Work plans 2012-13

In August 2012 we started Phase II of the RMM work. The aim of the RMM programme is to reduce maternal and neonatal deaths in Segen Zone, Gamo Gofa Zone and in Basketto Special woreda.

During the first phase (2008 – 2011), we focussed on setting up institutions doing Comprehensive Emergency Obstetric care (CEmOC). While Arba Minch Hospital served as the main centre for training, Gidole, Saula and Chencha hospitals, and Konso, Kemba, Basketto and Melo Health Centres started to do caesarean sections through support by our project.

All these institutions are regularly doing caesarean. The challenge is the large populations living in the Gamo and in the Gofa highlands, in the remote Konso areas and in Aliy still have limited access to such services. This is the main challenge of the RMM Phase II project.

During the second phase (2012 – 2016) we aim to increase the coverage of Basic (BEmOC) and Comprehensive Emergency Obstetric Care (CemOC). We will set up five new CEmOC places in Kolme, Gawada, Gezzeso, and Beto and in Selam Berr (Kucha). We shall also do some work to improve the access by enabling other health centres to do BEmOC, and link the work at these health centres both to health posts in the kebeles, and to improve referrals to institutions doing CEmOC.

For this work we have now one Ethiopian coordinator in each of the zones. The coordinators shall manage the daily work, and visit and support the hospitals and health centres.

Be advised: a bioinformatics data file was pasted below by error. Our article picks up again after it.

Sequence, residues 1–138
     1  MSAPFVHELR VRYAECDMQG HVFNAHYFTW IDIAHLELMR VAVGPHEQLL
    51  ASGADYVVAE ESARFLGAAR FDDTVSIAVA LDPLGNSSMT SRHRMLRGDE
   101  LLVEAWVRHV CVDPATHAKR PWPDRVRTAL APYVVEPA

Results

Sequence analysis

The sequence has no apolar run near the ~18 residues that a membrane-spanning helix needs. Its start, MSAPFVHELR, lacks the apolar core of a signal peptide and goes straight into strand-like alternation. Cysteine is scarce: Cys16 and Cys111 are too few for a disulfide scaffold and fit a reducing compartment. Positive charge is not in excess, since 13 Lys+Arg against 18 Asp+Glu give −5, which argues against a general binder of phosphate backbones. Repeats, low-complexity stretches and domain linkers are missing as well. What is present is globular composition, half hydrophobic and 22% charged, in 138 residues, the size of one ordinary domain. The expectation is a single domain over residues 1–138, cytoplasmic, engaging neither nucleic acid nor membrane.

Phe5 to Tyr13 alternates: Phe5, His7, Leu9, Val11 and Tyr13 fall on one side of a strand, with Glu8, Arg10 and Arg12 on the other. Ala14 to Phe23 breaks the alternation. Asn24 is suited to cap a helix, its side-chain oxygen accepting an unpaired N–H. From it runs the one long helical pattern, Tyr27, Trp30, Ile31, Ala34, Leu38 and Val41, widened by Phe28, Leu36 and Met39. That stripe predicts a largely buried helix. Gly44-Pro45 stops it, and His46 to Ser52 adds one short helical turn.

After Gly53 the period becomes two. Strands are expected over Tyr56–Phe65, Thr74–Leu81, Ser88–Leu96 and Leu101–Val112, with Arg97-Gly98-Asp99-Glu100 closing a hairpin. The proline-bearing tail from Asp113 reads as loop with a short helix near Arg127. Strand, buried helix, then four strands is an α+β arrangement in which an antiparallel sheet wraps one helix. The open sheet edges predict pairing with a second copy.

Arba Minch Hospital

Training Unit: The hospital works well as a training site for our project. Currently staffs from Kolme, Saula, Kucha and Chencha are being trained.

Blood Bank: The hospital has a well-functioning blood bank. This blood bank will serve as a training site for the hospitals in Gidole, Saula and Jinka.

Neonatal Intensive Care Unit: The hospital has recently opened such a unit. Three nurses have been trained in Addis Ababa, and three more nurses will go to Addis soon for training. The RMM project supports this unit with some equipment, in 2013; the unit will train similar staff from Gidole and Saula Hospitals.

Arba Minch University and Master programme in Integrated Emergency Surgery
Our aim is to support the Master programme in Integrated Emergency Surgery (Obstetrics, gynaecology and general surgery). There have been some delays in the start of the three-year course. Arba Minch University has now told us that they expect this training to start in two-months.

Improving quality of midwife training
We have started work to improve training students at the Midwife school at the Health Science College in Arba Minch. Particular attention is on enabling the students to aquire the necessary skills to do their work at remote health institutions.

Saula Hospital
The hospital works well. The number of deliveries has increased from about 50 four years ago, to 498 during the last year. They did about 140 CS. This is a great improvement, and shows that focused supervision and support can improve essential delivery services.